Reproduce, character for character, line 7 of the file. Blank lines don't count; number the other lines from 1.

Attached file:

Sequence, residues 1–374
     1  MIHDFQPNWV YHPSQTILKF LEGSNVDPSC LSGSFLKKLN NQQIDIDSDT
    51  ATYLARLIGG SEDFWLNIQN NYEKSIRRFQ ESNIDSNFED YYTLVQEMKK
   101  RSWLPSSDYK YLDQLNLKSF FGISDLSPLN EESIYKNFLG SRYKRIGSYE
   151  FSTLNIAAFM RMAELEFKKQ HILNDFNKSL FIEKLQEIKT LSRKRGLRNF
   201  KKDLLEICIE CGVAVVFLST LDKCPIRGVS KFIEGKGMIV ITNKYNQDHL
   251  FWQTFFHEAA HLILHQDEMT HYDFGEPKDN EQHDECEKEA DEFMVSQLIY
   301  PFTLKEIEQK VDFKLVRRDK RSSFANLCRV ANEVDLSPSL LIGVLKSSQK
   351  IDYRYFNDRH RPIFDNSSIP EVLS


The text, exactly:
   251  FWQTFFHEAA HLILHQDEMT HYDFGEPKDN EQHDECEKEA DEFMVSQLIY